pi. 70-3). About 1740 he erected two wings-
at Cusworth House, Yorkshire, for Williami
AVrightson (NEALE, Seats, vol. v. ; WooLFE r
i. pi. 89-92), and he refers to ‘several gentle-
men’s buildings in Yorkshire’ as executed
prior to 1744, when he was employed to design
and build (as was then the practice with
architects) the mansion-house at Doncaster
This was completed in 1748 ; and he published
a description, with twenty-one plates (fol.,
London, 1751).

Paine was, until 1772, a director of the
Society of Artists of Great Britain, and nu-
merous designs by him appear in the society’s
‘ Catalogues’ from 1761 onwards. But the
fullest account of his work appears in his
‘ Plans, &c., of Noblemen and Gentlemen’*
Residences executed in various Counties, and
also of ‘stabling, bridges, public and private
temples, and other garden buildings.’ The
first volume or part was issued in 1767, the
second part in 1783, together with a second
edition of the first, and the book contained
altogether 175 fine plates. Among the plans
are the stabling and some bridges at Chats-
worth for the Duke of Devonshire (1758-
1763); Cowick Hall, Yorkshire, for Viscount
Downe ; Gosforth, Northumberland, for Ch.
Brandling, esq. ; Melbourne (now known as
Dover) House, Whitehall, for Sir M. Feather-
stonhaugh, bart. ; Belford, Northumberland,
for Abraham Dixon, esq. ; Serlby, Notting-
hamshire, for Viscount Galway ; Stockeld
Park, Yorkshire, for William Middleton, esq. ;
Lumley Castle at Sandbeck, Yorkshire, for
the Earl of Scarborough (WATTS, Seats of
the Nobility, $c., 1779-90, pi. x.) ; Bywell,
Northumberland, for William Fenwick, esq. ;
Axwell Park, Durham, for Sir Thomas Cla-
vering, bart. ; Heath, Yorkshire, for Mrs.
Hopkinson ; St. Ires, Yorkshire, for Benja-
min Ferrand, esq. ; Thorndon Hall, Essex, for
Lord Petre (NEALE, 2nd ser. vol. ii. ; WRIGHT,
Esse.r, vol. ii. ; WATTS, pi. 17) ; Wardour
Castle, Wiltshire, for Henry, eighth lord
Arundel (NEALE, vol. iii. ; Builder for 1858,
xvi. 548) ; Stapleton Park, Yorkshire, for
Edward Lascelles, esq., afterwards Earl of
Harewood (NEALE, vol. iv.) ; Brocket Hall,
Hertfordshire, for Sir Matthew Lamb, after-
wards Lord Melbourne (ib. 2nd ser. vol. v.);
Hare Hall, near Romford, Essex, for J. A.
Wallenger, esq. (WRIGHT, Esse.r, vol. ii. ;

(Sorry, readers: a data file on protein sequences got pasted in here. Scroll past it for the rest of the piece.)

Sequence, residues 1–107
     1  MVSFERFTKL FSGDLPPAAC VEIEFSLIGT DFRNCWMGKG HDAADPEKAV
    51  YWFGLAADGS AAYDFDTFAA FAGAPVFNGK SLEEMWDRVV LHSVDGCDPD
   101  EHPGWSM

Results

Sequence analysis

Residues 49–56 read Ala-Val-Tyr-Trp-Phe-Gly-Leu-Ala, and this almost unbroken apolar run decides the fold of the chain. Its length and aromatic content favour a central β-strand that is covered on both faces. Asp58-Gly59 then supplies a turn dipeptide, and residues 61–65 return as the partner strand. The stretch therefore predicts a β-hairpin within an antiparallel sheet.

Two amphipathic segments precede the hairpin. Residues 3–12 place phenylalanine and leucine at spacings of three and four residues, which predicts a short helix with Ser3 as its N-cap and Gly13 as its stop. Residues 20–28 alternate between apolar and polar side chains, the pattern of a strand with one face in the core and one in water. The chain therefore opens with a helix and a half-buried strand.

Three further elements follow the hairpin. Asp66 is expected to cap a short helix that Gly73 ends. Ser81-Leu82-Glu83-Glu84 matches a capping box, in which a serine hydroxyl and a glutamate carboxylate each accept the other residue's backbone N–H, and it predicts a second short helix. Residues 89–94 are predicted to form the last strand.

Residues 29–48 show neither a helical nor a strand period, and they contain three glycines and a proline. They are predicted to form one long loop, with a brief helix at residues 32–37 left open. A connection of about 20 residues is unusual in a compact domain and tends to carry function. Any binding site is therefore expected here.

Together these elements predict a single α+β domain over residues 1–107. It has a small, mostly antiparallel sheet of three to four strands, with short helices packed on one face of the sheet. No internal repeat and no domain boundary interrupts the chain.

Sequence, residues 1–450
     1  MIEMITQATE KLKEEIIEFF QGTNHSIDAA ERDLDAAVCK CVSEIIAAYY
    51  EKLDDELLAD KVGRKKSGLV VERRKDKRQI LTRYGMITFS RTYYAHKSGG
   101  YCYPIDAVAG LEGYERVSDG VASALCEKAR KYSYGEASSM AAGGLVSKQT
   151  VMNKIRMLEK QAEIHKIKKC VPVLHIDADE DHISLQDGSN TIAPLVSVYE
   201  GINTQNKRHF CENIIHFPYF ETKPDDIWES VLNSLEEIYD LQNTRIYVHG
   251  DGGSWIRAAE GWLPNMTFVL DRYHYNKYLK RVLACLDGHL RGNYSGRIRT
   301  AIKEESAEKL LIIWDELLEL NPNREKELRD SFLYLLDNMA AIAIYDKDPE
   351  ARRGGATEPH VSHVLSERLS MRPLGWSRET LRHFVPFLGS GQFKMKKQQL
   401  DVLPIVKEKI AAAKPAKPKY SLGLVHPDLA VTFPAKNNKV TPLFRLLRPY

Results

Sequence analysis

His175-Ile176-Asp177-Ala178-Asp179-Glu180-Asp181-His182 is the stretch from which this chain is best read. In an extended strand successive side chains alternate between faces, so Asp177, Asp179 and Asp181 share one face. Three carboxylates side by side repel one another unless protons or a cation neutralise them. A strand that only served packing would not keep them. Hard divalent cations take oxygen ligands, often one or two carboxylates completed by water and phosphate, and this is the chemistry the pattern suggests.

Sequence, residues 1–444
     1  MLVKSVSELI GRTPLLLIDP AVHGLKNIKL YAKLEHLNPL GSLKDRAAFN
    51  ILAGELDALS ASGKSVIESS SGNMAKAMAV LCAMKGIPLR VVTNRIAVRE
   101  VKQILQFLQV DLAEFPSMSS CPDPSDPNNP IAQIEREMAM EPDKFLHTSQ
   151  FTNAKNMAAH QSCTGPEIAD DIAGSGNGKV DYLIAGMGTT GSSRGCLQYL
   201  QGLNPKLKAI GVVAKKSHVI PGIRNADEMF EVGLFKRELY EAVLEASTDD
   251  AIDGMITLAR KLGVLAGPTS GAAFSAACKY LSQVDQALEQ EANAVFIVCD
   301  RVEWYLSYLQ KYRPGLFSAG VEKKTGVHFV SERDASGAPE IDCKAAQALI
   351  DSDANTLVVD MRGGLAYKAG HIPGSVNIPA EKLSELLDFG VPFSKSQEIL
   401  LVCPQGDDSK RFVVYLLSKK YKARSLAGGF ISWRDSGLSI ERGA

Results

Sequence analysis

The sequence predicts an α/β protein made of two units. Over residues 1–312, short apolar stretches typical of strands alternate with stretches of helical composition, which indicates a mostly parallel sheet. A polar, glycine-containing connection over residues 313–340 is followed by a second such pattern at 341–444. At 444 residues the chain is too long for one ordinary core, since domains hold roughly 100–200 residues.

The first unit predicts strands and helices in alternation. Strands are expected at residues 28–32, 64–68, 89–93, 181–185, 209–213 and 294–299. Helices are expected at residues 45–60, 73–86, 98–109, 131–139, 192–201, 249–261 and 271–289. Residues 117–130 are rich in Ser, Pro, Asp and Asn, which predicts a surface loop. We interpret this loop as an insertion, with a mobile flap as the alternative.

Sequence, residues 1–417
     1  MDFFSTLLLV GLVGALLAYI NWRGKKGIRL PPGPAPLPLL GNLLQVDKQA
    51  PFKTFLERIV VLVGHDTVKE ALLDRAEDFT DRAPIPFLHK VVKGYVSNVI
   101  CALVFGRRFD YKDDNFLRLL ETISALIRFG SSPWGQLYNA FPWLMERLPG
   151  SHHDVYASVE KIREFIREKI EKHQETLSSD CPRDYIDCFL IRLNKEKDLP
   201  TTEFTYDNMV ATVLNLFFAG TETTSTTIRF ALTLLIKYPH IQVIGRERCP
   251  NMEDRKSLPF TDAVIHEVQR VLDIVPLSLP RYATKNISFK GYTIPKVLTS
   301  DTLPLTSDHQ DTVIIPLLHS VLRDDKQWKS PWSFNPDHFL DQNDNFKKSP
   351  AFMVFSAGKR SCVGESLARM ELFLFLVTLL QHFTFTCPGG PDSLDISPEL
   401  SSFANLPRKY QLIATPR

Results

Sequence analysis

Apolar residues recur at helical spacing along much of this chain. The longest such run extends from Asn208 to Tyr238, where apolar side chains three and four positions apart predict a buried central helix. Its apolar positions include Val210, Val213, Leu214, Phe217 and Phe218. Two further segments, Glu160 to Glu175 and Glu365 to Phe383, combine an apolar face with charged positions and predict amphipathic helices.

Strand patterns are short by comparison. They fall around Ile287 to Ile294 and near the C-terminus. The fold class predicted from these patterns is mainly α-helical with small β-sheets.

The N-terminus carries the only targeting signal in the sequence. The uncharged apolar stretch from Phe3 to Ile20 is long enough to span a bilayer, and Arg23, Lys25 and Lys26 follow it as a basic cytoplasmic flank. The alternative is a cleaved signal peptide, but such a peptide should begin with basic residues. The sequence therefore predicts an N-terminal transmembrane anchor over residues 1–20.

NEALE, vol. i.) ; Shrubland Hall, Suffolk ;
and other smaller works. In London he de- j
signed Lord Petre’s house in Park Lane ; Dr. :
Heberden’s house, and another for the Hon. i
Thomas Fitzmaurice, both in Pall Mall. His
work also included bridges at Richmond and
at Chillington, Staffordshire, besides several !
ceilings and ‘ chimneypieces,’ one being for (
Sir Joshua Reynolds, P.R.A., in Leicester
Square, two at Melbourne House, and
another in Park Lane. These were of his
own peculiar design and execution (‘ Letters
of Sir W. Chambers, 1769/ in Journal of
Royal Institute of British Architects, 1892,
p. 4). The bridges of Chertsey (BRATLEY,
Surrey, ii. 231), Walton, and Kew (FAULK-
NER, Brentford, p. 168) were built in 1783
from his designs, and at the same time
Salisbury Street in the Strand was laid out
by him.

His plans are well arranged and commo-
dious, and the buildings soundly constructed ;
but some of the designs are meagre imita-
tions of the Italian school. Gwilt, in his
memoir of Sir William Chambers (Civil
Architecture, 1825, p. xlix), remarks that
‘ Paine and Sir Robert Taylor divided the
practice of the profession between them until
Robert Adam entered the list, and distin-
guished himself by the superiority of his
taste in the nicer and more delicate parts
of decoration.’

Paine held the appointment under the
king’s board of works of clerk of the works
(or resident architect) at Greenwich Hospital,
and held a like post afterwards at Richmond
New Park and Newmarket. Finally he was
attached to the board of works as ‘ architect
to the king,’ but was displaced in 1782, very
soon after his appointment, by Burke’s Re-
form Bill, without gratuity or pension. In
1771 Paine was elected president of the So-
ciety of Artists of Great Britain. ‘ Chambers
and Paine, who were leading members in the
society, being both architects, were equally
desirous that the funds should be laid out in